If you have flu symptoms, it is a good time to remember that ferrets are susceptible to influenza too. Ferrets can catch influenza from people, and conversely can pass influenza to people (it appears that ferrets catch the flu more readily from people than people do from ferrets).
Disclaimer: if you suspect that your ferret is ill, do not try to make a diagnosis yourself. Check with your veterinarian! The information provided here is for informational purposes only and is not intended to replace consultation with a veterinarian knowledgeable about ferrets.
Ferrets are susceptible to most strains of influenza that infect humans, including both types A and B. It causes similar symptoms and runs a similar course. Symptoms include thick clear discharge from the nose and eyes, sneezing, conjunctivitis (swollen red membranes around the eye), decreased appetite, lethargy, and high fever. It will usually run it's course over 5 or more days, just like the human disease. However, in some ferrets, it can be fatal, particularly the old and young, and those with depressed immune systems. Complications such as bacterial infections like pneumonia are a threat.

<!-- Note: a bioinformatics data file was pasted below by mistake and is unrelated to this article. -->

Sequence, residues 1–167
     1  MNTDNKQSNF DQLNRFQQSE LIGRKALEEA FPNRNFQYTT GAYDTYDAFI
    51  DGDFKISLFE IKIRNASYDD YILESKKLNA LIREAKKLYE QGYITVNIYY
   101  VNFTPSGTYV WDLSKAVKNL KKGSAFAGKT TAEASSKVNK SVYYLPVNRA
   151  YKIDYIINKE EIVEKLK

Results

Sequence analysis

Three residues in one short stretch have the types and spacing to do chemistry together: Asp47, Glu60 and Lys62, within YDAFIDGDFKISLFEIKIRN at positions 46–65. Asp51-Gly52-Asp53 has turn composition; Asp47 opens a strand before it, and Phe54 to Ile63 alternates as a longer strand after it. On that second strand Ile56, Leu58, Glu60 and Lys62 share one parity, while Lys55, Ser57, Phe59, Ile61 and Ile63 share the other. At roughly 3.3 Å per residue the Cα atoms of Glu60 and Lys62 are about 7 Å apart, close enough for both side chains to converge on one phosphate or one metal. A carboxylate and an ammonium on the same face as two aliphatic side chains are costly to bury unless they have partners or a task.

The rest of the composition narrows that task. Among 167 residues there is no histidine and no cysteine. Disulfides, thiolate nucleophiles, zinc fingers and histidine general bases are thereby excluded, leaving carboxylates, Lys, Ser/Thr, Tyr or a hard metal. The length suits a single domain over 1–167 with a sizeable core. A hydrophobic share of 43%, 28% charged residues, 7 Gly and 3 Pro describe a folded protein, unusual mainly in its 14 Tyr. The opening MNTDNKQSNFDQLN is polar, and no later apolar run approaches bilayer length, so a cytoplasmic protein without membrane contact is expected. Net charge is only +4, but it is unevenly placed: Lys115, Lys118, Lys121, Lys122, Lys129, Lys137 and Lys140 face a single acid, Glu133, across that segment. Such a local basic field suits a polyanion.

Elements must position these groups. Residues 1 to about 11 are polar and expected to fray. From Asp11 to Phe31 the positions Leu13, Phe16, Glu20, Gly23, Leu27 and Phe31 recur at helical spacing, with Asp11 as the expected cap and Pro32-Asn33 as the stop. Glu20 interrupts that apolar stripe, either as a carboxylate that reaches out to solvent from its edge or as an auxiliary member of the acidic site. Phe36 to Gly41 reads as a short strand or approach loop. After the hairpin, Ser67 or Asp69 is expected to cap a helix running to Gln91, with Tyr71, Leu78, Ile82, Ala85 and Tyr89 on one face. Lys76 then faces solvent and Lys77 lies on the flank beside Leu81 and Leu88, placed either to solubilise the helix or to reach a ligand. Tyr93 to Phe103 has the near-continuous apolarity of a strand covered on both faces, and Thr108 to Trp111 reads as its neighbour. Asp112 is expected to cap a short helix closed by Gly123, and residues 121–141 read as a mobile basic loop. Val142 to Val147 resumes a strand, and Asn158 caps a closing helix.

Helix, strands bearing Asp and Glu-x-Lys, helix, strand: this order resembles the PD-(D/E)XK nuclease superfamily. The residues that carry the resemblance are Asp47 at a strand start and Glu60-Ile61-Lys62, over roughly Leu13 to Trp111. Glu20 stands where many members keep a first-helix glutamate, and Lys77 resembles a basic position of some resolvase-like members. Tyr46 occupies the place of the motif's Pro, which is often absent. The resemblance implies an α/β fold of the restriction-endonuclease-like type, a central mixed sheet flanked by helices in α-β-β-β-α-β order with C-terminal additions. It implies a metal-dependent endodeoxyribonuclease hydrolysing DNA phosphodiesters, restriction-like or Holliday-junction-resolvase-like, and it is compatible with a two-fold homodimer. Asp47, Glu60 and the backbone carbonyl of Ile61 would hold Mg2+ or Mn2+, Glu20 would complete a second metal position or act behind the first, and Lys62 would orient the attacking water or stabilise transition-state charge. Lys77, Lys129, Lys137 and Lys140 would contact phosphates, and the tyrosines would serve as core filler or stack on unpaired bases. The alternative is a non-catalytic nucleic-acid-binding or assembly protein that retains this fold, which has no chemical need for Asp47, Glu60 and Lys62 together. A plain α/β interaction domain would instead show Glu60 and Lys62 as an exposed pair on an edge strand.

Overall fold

As with people, treatment is supportive, which means treating the symptoms and letting the virus run its course. Once a diagnosis is made, your veterinarian may be able to suggest medications to make the ferret more comfortable. You must also ensure that your ferret remains hydrated. If your ferret is very lethargic or off food and water (monitor closely), treatment with fluids and/or force feeding may be necessary. Also, if the discharge from the nose or eyes becomes discolored (yellow or green), or if a ferret is coughing a lot, contact your vet.
Prevention includes limiting contact with your ferrets if you have flu symptoms, and limiting contact with a ferret that has influenza. Frequent hand washing is one of the most effective ways to prevent the spread of infections (either to or from ferrets). Owners should also isolate sick ferrets from other ferrets in the house.